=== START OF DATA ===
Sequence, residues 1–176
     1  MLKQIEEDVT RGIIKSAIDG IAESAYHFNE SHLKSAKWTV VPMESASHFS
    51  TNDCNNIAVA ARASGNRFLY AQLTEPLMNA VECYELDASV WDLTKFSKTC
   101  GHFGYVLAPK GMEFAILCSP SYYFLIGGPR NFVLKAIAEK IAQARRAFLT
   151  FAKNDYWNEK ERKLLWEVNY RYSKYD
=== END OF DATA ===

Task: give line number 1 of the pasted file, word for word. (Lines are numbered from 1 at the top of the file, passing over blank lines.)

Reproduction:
Sequence, residues 1–176